indebted are requested to make payment to
Feb. 19, 1850,
T)EIiSONS knowing themselves in
r debted to the firm of H. K. NEFF &
BRO., are hereby informed that all bal
ances found on their books after the Ist
day of April, 1550,w ill be transferred to
the proper officers for collection. It
will therefore be well, for those concern
ed, to cull immediately upon the sub
scriber and save further expense.
11. K: NEFF,
for H. K. Neff & Bro,
Febc 19, 18511
THE subscriber, expecting to leove Hunting
don shortly, will offer at AUCTION on
TOO STO OF MA lien, hiS
and a variety cloth, articles, among •which is
ROCKAWAY CARRIAGE, not much worn.
Sale to commence at 9 o'clock A. M. Terms
then made known. JOHN PEEBLES.
Feb. 19, 1850.
NEW GOODS! NEW GOODS!
T. K. SIMONTON
WOULD respectfully announce to his old
customers, and every body else, that he
has removed his store from his old stand, to the
room a few doors below, on the same side of the
street, and but two doors front Witham Dorris'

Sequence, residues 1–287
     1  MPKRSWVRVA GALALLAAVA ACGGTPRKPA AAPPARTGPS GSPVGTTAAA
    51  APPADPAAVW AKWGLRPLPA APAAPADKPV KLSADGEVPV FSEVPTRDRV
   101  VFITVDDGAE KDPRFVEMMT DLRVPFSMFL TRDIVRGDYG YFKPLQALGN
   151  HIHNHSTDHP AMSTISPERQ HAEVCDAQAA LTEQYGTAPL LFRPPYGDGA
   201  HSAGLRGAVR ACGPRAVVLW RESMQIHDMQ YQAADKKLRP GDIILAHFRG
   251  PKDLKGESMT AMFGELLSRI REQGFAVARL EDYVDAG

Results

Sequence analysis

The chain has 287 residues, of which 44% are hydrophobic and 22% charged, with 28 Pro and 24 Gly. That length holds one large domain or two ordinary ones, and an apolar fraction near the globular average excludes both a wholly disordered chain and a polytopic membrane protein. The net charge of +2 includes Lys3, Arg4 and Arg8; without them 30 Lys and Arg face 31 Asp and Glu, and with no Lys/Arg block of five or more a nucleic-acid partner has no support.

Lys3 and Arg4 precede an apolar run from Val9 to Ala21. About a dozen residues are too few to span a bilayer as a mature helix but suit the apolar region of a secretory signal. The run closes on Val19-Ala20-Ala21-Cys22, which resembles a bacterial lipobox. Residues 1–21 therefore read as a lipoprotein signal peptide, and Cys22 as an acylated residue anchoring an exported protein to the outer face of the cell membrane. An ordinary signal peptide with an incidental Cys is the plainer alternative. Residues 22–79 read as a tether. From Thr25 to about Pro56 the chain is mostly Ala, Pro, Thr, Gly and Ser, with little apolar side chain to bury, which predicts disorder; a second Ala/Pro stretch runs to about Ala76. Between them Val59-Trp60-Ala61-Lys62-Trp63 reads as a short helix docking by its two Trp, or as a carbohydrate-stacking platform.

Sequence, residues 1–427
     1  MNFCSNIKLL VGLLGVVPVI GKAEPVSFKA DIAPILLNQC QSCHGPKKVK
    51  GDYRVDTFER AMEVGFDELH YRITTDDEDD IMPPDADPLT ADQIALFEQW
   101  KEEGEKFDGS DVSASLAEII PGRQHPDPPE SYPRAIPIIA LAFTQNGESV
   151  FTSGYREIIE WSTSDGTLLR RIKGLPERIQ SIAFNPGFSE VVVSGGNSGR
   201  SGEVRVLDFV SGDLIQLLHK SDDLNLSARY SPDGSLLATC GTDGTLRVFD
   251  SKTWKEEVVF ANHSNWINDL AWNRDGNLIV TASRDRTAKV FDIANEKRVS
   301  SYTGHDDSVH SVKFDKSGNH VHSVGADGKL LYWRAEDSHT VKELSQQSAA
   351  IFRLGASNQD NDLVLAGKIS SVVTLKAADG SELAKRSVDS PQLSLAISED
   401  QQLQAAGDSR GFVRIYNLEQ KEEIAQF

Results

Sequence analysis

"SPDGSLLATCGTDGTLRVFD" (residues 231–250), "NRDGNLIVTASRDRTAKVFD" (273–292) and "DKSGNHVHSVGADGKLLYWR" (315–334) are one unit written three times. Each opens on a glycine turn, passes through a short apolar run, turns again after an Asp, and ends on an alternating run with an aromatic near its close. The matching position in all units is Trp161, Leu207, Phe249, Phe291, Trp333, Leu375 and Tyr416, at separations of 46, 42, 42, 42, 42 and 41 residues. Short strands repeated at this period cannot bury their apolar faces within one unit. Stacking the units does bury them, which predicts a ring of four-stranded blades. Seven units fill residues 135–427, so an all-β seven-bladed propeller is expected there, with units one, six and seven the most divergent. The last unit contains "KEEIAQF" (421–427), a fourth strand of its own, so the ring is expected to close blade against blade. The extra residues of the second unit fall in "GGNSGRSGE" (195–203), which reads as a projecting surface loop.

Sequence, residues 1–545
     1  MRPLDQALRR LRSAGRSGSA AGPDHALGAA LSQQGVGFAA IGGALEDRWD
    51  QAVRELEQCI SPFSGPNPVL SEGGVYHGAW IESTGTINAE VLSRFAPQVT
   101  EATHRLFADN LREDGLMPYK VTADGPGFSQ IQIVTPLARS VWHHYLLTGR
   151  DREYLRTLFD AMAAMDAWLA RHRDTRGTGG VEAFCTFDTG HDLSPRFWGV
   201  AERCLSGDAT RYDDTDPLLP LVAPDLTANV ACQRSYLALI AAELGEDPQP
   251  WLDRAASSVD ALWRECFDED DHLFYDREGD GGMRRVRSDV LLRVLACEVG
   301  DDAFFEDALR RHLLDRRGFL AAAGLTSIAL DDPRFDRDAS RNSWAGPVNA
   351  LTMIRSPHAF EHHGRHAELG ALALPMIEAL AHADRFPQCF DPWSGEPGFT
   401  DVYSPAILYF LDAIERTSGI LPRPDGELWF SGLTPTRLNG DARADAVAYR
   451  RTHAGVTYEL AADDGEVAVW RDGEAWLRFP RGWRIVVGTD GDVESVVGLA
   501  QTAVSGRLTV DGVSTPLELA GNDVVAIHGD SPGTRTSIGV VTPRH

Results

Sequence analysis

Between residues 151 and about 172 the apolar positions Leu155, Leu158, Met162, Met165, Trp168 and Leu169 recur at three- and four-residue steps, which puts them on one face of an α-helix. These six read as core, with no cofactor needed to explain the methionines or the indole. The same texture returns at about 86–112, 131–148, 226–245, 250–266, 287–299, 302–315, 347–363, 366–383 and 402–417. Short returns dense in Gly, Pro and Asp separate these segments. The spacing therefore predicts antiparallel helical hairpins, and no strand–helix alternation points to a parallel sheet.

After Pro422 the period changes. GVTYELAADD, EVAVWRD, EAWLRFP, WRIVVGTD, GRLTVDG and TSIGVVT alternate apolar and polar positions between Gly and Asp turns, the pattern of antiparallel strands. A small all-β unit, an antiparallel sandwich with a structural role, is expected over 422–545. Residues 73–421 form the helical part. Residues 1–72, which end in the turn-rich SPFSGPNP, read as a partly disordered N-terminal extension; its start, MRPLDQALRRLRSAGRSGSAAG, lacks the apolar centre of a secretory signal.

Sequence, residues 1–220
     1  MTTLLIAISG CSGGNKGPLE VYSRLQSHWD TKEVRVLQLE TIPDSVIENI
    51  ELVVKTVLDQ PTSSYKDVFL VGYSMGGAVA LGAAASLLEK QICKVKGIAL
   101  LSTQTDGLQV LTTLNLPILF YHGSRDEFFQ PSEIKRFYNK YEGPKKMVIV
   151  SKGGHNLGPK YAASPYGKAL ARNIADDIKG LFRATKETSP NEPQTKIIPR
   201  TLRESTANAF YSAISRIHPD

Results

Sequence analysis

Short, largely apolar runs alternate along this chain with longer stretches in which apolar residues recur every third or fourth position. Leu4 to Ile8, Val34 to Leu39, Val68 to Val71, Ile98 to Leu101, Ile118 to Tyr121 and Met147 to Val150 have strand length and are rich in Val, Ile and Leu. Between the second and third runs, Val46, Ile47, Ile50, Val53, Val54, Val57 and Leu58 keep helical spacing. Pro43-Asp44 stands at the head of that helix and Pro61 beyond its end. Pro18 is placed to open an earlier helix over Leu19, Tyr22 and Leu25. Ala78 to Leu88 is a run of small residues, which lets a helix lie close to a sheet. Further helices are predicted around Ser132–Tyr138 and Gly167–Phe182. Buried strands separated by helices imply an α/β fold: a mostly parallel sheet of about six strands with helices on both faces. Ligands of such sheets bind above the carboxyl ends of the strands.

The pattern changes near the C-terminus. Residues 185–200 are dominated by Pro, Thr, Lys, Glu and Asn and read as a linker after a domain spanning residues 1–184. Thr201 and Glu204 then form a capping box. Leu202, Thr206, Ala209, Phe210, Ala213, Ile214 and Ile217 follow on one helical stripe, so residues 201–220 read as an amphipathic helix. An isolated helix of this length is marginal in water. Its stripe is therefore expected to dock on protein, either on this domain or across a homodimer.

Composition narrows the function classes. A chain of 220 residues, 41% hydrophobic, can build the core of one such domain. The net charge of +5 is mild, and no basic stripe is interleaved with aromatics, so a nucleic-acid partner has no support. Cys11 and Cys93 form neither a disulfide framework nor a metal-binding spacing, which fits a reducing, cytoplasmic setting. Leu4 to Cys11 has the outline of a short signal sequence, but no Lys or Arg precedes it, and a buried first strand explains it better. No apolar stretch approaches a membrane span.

Store. In addition to his old stock, he has just
received an elegant assortment of
which be is prepared to Fell as cheap, if not a
little cheaper, than can be procured elsewhere.
His stock consists of
Dry-Goods., Groceries, hardware,
Drugs, 4-c., 4-c.
Thankful for past favors he would real eel
full solicit a continuance of public favor. It
wi 1 always give him p:easure to use his utmost
exertions to render oath - faction to those who may
deal with him.
Feb. :9, 1830.
ORPHAN'S COURT SALE
Of Valuable Real Estate.
BY virtue of an alias order of the Orphans'
Court of Huntingdon county, the following
described tract of land, late the property of Abra